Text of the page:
Medical officer of health says coronavirus risk low

Article content

Norfolk and Haldimand’s medical officer of health is giving assurances that the danger from the so-called novel coronavirus is remote.

Dr. Shanker Nesathurai said the Canadian medical system has learned a lot in recent year about controlling communicable diseases. As such, health-care professionals are ready and know what to do now that they have been directed to contain this pathogen.

“One core message I’d like to share – the risk to the people of Haldimand and Norfolk of getting ill from novel coronavirus is low,” the doctor said Feb. 4 at the monthly meeting of the Haldimand-Norfolk Board of Health.

The coronavirus family includes pathogens with a range of severity and morbidity. The virus that causes the common cold is a coronavirus, Nesathurai said, adding these viruses can also cause more serious ailments such as bronchitis, severe acute respiratory syndrome (SARS) and pneumonia.


Story continues below

Article content

If local residents want to nurse a little anxiety in their life, Nesathurai said their energy would be better spent considering their odds of perishing in a motor-vehicle crash.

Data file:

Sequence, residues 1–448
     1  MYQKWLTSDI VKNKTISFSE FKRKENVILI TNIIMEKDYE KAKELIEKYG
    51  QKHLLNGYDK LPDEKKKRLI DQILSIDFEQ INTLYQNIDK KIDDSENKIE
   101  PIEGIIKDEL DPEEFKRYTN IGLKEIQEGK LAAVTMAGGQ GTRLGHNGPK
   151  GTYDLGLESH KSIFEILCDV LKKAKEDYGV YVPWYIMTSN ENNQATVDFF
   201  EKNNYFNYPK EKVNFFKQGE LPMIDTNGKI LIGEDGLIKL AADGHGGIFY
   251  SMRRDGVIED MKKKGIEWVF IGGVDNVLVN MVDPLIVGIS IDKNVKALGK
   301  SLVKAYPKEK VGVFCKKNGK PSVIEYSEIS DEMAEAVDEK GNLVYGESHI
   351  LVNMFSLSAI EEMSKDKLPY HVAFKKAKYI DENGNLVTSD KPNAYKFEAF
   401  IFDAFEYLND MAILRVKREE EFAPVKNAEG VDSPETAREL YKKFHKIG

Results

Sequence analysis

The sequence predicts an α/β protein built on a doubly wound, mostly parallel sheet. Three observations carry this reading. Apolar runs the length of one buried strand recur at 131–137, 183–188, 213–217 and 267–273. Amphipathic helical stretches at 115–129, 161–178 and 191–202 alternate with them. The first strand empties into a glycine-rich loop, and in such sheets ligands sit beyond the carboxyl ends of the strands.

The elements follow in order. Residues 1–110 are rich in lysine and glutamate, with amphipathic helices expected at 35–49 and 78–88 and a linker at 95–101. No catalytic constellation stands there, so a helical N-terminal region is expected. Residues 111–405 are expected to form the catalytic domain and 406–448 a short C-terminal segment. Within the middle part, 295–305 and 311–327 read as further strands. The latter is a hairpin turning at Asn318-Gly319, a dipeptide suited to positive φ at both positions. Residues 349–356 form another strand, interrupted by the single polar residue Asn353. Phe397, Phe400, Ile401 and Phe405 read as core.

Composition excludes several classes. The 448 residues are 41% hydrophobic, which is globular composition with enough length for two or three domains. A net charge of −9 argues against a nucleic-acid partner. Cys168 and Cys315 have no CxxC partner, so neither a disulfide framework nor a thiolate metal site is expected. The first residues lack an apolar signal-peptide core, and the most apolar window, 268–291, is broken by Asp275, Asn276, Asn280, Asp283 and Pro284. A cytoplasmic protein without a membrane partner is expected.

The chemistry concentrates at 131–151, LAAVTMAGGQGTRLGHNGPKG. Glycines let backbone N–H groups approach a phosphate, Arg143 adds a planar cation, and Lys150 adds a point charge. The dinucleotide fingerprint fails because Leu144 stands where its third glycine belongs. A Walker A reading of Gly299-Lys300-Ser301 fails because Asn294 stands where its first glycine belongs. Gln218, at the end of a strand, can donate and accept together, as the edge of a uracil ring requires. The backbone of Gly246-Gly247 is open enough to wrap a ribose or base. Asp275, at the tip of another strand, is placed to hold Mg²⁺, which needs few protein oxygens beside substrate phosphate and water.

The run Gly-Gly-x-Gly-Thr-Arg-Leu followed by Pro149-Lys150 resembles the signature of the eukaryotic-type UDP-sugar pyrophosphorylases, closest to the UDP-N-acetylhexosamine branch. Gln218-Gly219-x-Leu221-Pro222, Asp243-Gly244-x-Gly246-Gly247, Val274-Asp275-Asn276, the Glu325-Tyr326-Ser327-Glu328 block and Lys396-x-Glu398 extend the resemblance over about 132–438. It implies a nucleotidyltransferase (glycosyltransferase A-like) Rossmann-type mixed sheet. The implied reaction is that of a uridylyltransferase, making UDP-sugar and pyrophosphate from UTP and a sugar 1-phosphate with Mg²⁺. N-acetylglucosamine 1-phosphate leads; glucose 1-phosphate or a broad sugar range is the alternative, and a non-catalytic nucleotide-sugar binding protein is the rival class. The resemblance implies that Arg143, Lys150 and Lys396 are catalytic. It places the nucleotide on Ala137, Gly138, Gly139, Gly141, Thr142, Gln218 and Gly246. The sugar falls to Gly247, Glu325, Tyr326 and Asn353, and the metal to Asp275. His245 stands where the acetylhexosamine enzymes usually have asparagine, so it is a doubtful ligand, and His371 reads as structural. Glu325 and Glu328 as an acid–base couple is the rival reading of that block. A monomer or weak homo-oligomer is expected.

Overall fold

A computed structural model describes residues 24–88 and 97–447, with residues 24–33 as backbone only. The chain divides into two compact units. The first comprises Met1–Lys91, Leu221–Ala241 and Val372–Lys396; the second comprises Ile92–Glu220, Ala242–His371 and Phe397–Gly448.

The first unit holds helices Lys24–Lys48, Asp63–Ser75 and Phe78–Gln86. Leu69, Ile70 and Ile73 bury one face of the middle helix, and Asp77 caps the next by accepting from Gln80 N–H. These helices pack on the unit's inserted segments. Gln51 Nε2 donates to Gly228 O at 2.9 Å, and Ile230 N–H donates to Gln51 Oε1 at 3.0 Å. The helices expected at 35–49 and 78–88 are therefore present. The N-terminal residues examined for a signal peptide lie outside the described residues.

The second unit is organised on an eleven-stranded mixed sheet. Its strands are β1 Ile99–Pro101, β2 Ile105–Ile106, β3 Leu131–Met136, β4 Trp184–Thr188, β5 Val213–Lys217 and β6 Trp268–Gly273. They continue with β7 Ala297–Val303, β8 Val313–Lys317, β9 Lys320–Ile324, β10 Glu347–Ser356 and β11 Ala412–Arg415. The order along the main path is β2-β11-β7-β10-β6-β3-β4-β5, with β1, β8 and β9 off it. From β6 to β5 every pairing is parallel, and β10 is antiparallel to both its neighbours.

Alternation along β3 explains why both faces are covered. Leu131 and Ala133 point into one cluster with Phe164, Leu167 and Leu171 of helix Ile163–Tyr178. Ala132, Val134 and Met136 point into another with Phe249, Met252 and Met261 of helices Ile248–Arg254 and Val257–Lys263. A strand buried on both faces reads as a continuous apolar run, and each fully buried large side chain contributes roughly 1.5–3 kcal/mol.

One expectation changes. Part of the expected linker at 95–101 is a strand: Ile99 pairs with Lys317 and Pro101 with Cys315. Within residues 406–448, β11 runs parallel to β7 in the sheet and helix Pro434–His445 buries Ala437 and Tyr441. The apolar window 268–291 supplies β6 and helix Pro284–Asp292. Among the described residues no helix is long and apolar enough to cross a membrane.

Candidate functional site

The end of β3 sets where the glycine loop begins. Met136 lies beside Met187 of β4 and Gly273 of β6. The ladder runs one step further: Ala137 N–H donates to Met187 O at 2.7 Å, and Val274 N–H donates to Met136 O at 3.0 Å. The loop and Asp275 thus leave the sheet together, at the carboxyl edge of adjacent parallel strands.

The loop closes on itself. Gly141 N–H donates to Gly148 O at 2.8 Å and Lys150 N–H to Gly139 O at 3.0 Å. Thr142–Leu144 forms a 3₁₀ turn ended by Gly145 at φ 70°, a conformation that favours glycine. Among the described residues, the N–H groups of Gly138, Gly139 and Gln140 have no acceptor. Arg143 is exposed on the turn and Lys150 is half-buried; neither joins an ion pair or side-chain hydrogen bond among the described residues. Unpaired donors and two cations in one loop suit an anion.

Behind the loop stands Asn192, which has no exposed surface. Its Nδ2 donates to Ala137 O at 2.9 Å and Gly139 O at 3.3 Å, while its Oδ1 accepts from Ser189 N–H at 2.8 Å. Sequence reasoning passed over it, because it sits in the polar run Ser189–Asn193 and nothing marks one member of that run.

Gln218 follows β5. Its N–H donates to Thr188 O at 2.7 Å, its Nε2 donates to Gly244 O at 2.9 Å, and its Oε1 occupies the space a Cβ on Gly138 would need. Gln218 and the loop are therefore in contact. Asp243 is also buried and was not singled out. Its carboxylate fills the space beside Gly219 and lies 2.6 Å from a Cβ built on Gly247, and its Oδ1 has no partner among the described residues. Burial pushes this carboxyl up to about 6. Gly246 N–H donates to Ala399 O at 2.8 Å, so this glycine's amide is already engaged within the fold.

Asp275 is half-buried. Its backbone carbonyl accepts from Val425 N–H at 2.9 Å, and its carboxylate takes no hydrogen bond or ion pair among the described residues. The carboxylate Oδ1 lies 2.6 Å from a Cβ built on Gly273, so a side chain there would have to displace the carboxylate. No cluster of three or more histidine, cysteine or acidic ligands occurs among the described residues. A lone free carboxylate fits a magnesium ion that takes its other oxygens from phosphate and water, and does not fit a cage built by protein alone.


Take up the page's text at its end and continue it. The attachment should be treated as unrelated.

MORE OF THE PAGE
The doctor noted that 20 people died in crashes in Haldimand and Norfolk in 2019. For a population of 110,000, he said this works out to about one fatality per 5,000 people.

Nesathurai took the occasion of the Feb. 4 meeting to remind the public of the critical role flu shots and other vaccinations play in promoting and preserving public health. People who pay meticulous attention in this area not only protect their health and that of their family. Dr. Nesathurai said they also perform a vital public service.

“When you immunize a child, you are protecting the small group of people who cannot be immunized,” he said. “When I think of people who get vaccines for themselves and their children, they are not only protecting themselves, they are advancing an important community interest.”

Word of the novel coronavirus emerged in December. Indications are it arose in a large, diverse market in the Chinese city of Wuhan.

The market in question has a history of selling exotic wildlife for human consumption. The virus is believed to have made the jump to humans from wild bats by way of an unknown intermediary.

The world-wide death toll from novel coronavirus was nearing 500 as of Dec. 5. By Monday this week, the number of deaths had climbed to over 900. The vast majority of cases and deaths have been within China itself. Four cases have been confirmed in Canada, with all having a travel connection to China by way of Wuhan.

Symptoms for novel coronavirus are similar to the flu and common cold and range from mild to severe depending on the person and their immune response.

News Near Tillsonburg

This Week in Flyers